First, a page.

ReplyDelete
  12. You're right gh, Howard did like to drive that car hard. You knew it was him without looking out to see who was driving up the street. He was already older back in the mid-70's, but definitely young at heart. I remember our neighbor, Hannah Warda, a happily married mother of eight boys, nearly fainted when we weren't home once and he knocked on their door, probably to see if we were away for the summer. It's entirely possible he had imbibed a bit before coming over. In any case, as he was leaving he told her to "keep the faith, baby" - I think it took her awhile to recover from that one. He and his wife were both very nice, though. Their kids were already grown and long gone but they still kept loads of children's books on the ledge as you went up the stairs. Was Tony Pasteau related to Vince & Rosie?

    ReplyDelete
  13. Okay GH, here's a quiz for you...what stores were in the little shopping strip that started across Delmar from Comers/Double D market? When I was there in the 70s/early 80s, there was Balkan Bakery (which still survives), Ray Stiltz Real Estate, Ski Haus (which closed in the 70s), a launder mat on the far corner, and maybe a little store, for a while, but there were a few vacant stores even then.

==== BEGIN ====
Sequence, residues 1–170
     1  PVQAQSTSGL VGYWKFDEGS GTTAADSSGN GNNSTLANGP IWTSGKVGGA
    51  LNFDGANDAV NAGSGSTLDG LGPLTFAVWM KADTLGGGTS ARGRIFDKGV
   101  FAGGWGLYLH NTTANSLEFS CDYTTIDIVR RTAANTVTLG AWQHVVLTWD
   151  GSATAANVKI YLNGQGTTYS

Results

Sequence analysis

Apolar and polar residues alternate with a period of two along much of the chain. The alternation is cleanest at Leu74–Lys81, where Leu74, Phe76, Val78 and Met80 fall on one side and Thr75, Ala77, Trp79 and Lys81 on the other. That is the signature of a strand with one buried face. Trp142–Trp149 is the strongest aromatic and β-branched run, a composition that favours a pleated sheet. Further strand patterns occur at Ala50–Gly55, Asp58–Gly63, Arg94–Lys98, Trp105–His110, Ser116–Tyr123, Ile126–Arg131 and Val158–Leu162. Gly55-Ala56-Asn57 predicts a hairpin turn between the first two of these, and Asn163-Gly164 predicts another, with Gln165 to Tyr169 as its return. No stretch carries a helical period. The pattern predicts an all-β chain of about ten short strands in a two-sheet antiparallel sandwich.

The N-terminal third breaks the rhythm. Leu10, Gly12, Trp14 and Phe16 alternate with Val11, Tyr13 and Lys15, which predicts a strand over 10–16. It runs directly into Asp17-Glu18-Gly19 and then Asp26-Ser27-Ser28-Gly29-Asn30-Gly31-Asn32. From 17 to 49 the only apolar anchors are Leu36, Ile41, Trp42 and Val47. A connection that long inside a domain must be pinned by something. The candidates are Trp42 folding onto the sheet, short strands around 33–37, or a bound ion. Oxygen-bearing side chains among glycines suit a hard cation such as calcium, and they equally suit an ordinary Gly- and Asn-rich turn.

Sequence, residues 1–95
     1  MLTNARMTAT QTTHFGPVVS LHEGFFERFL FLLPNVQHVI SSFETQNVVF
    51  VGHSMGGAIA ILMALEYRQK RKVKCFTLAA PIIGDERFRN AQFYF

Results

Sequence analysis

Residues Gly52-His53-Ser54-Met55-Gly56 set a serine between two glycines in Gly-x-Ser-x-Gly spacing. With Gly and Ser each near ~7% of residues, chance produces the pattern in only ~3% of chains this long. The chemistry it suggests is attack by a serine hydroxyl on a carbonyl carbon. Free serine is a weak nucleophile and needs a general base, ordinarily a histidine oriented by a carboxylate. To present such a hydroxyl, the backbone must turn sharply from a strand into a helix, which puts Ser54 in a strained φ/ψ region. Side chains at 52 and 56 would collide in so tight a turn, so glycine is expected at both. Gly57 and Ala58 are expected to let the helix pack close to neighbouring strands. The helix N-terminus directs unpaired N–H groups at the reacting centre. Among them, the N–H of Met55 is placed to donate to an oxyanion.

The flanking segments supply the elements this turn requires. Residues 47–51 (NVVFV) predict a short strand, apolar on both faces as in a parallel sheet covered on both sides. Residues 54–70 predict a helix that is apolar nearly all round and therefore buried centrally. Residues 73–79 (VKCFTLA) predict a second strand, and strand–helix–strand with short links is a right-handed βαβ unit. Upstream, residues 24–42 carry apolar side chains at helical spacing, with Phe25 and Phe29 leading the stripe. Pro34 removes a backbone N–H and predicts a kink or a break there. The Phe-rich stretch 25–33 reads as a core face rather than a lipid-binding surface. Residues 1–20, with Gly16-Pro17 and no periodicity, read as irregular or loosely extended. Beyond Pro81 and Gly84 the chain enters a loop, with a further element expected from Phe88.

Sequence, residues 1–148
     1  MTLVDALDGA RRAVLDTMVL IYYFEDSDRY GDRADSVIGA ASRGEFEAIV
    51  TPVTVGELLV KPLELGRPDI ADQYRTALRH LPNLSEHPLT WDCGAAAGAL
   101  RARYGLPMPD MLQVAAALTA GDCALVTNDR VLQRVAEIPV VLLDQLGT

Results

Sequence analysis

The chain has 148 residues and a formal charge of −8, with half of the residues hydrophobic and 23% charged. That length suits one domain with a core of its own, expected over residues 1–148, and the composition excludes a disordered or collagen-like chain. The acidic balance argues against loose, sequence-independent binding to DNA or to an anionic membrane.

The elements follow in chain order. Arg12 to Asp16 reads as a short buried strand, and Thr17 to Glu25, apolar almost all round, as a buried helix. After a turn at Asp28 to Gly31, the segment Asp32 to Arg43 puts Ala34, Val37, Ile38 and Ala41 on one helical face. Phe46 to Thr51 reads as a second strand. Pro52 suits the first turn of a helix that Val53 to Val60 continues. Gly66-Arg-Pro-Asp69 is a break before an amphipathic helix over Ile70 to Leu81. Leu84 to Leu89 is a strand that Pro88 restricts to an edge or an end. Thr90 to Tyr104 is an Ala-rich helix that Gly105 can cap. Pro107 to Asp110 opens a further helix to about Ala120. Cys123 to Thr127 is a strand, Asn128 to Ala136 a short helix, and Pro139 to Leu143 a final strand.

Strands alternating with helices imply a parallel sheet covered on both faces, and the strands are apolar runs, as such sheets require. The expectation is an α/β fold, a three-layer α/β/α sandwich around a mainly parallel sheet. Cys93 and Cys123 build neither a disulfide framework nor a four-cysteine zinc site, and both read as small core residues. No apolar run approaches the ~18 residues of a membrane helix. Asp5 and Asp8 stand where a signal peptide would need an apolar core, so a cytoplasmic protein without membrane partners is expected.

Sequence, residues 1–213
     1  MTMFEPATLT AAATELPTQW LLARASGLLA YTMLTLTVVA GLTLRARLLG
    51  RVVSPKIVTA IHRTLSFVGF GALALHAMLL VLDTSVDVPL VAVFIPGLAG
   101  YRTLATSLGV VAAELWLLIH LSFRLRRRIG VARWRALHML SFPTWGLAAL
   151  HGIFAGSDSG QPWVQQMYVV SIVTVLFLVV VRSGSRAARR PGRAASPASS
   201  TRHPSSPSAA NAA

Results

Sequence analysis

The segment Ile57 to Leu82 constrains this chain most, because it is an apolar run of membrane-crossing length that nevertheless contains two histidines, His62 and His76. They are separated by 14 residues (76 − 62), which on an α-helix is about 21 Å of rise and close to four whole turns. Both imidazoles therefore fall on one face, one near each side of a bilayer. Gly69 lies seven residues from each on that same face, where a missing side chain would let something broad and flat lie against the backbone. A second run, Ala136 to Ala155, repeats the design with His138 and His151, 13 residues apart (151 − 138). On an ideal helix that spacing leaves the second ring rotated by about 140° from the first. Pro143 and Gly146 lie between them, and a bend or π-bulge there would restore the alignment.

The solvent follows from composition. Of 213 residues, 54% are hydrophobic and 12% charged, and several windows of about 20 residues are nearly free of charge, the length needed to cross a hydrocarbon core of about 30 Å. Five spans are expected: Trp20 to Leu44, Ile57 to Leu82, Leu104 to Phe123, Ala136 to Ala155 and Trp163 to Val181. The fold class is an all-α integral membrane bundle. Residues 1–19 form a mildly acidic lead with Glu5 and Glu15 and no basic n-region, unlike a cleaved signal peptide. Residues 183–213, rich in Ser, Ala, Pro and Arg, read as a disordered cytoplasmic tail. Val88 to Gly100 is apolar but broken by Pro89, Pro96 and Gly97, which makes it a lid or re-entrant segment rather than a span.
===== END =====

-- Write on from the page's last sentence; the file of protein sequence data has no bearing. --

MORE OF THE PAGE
What do you remember?

    ReplyDelete
  14. redgirl & geewhy...You are challenging my memory. I will try not to be too wordy in answering your questions.
    For starters, the Fosters had one girl (Sue) all the time I lived there. She was a year behind me, blonde like her mother and very pretty. Mr. Foster was a designer at the Chevy Metal Fab Plant on Van Slyke Rd. Vince Pasture was a great guy (he worked for the city). Vince moved into the Kimmels vacated house (across the street from Fosters and one door north of the Browns). The Browns had 5 kids as I remember, Alice, Janice, Gordon Steve & Tommy. Vince Pasture was the brother of Mrs Lazzio who lived one door north of us. Lazzios were the second house south from the north/east end of Delmar. There was another Pasture brother, Louie Pasture, who lived over on Rankin(?). Last I new, both Lazzio kids were attorneys in Flint.